Scientists discover networks of metal nanoparticles are culprits in alloy corrosion
Oxide scales are supposed to protect alloys from extensive corrosion, but scientists at U.S. Department of Energy's Argonne National Laboratory have discovered metal nanoparticle chinks in this armor.
Oxide scales develop on the outer surface of alloys at high temperatures creating a protective barrier that keeps destructive carbon-bearing molecules from slipping into the alloy. The diffusion of carbon into oxide scales should be negligible, but studies have shown that carbon can sneak through the oxide line of defense leading to brittleness and corrosion.
"The United States loses four percent of the gross national product due to alloy corrosion," Argonne Distinguished Fellow Ken Natesan said. "A network of continuous metal nanoparticles allow the carbon to dissolve and diffuse through the protective oxide scales without the need of a crack or a pore."
It was commonly believed that carbon-containing molecules escaped into cracks or pores in the oxide scales, but using three separate techniques -- nanobeam x-ray analysis at the Advanced Photon Source, magnetic force microscopy at the Center for Nanoscale Materials and scanning electron microscopy at the Electron Microscopy Center -- Natesan, along with Argonne scientists Zuotao Zeng, Seth Darling and Zhonghou Cai, discovered networks of iron and nickel nanoparticles embedded within the oxide scales.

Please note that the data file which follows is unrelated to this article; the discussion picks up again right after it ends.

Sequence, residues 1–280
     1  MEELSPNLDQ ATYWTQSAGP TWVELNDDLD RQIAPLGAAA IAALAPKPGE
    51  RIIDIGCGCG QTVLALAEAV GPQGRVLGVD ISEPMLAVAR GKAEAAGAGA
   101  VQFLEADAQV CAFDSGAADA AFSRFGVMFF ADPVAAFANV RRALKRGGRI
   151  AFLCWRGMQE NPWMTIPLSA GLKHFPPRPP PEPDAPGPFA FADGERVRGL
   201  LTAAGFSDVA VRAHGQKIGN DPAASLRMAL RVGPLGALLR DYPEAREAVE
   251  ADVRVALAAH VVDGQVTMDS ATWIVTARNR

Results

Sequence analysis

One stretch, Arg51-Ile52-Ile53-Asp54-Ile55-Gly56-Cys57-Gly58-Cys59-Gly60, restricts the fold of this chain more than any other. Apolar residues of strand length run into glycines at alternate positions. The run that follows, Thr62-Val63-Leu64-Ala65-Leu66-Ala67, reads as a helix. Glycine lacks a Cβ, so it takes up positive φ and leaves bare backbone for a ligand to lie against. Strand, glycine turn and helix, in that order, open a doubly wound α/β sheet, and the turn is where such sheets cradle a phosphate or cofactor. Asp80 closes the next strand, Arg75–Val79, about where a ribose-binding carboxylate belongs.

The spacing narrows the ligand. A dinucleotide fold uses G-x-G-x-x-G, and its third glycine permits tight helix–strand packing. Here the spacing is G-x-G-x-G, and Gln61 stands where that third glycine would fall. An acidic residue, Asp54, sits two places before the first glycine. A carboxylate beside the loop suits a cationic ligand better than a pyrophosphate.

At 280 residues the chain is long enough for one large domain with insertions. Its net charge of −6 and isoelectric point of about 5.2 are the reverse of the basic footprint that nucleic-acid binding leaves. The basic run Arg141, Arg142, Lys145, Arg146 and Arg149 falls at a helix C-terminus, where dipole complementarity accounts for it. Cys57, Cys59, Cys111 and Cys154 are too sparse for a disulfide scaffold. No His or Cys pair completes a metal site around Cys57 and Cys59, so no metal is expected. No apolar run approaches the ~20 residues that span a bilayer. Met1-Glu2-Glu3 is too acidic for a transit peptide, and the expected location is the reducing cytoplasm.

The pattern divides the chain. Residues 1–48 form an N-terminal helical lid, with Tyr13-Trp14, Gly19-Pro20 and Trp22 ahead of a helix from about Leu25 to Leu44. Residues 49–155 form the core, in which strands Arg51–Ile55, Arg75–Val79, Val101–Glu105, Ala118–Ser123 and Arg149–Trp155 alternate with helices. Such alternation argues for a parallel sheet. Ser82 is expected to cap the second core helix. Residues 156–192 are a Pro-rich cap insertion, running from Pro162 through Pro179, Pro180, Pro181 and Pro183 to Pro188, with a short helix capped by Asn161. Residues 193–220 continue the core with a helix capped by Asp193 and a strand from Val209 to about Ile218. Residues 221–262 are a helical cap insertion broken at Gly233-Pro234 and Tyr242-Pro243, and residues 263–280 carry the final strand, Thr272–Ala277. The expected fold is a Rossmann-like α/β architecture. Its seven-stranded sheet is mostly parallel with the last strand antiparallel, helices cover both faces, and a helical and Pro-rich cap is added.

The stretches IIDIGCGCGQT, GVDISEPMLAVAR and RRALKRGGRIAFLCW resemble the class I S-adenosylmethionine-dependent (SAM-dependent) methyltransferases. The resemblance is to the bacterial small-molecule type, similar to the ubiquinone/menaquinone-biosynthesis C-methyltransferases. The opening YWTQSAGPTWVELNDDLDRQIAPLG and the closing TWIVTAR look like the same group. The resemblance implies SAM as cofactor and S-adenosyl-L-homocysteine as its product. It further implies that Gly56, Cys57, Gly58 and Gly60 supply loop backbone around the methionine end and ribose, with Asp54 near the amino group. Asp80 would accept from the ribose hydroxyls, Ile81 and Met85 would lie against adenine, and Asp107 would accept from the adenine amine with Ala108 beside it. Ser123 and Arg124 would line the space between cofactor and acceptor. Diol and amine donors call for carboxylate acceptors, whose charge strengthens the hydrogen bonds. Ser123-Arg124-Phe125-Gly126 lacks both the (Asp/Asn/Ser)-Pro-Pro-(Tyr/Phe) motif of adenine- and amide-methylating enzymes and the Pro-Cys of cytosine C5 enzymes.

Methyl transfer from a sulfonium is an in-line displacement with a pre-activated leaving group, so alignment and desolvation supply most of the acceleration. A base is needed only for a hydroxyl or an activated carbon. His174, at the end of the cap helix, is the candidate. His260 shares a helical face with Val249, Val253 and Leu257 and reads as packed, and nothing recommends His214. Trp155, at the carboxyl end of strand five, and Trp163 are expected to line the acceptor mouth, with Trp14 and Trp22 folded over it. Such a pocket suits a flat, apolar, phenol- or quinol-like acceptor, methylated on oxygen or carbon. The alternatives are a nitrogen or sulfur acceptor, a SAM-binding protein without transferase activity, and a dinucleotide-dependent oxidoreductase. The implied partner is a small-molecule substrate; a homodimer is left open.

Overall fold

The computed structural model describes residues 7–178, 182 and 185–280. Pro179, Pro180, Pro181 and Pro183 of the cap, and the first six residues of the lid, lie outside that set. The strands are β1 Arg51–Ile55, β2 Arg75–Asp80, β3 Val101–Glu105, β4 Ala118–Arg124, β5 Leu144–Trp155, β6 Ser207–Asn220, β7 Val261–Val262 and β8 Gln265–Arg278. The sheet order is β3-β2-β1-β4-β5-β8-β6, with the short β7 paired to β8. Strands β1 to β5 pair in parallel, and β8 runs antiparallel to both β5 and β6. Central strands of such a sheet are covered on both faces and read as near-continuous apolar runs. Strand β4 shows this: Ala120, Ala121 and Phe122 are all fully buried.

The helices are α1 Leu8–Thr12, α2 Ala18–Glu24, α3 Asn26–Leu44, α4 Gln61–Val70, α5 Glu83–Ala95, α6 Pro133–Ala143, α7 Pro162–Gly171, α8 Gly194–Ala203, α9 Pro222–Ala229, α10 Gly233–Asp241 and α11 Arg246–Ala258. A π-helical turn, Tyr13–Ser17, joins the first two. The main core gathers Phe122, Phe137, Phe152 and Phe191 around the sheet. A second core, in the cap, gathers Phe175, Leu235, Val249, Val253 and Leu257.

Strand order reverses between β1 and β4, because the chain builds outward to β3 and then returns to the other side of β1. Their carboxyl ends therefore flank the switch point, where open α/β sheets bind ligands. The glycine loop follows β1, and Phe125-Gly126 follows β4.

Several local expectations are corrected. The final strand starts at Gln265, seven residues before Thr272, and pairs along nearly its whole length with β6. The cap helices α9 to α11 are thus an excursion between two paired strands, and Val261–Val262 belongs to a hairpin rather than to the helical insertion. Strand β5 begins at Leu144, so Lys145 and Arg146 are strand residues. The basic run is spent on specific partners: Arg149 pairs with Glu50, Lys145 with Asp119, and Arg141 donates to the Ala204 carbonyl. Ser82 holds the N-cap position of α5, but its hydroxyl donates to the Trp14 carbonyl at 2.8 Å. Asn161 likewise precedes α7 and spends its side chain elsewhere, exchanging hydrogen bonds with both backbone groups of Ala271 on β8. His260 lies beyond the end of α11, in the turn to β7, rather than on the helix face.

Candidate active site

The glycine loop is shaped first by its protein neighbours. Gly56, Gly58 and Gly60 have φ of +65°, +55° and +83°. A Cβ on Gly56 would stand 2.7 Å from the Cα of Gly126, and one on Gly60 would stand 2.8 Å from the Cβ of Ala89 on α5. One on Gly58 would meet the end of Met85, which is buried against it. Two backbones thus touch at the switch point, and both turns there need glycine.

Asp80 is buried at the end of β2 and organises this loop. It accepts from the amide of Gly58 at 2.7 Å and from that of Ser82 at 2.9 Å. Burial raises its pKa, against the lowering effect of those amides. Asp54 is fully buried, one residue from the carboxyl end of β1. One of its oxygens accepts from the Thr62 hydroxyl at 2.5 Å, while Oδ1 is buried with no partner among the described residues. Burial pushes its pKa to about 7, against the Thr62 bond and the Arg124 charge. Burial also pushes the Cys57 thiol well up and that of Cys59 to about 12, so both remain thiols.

Carbon can easily diffuse through the metals and create a path for carbon atom transport which does not involve defects in the scale.
"By examining the oxide scale, we find the metal nanoparticles," Zeng said. "If they are eliminated we can create a more corrosion-resistant and longer lasting alloy."
Based on the study, ANL has developed laboratory size batches of materials that exhibit as much as ten times longer life than commercial alloys with similar chromium contents, Natesan said. At present, 50-lb batches of the alloys have been cast successfully by an alloy manufacturer and will be commercialized in due course. The ANL-developed alloys are of considerable interest to the chemical, petrochemical, and refining industry.
The findings might also have broad influence on not only metal dusting and carburization, but also in other research areas such as alloy development and surface coatings for high-temperature fuel cell applications.
A paper based on this work has been published recently in Nature Materials.
Source: Argonne National Laboratory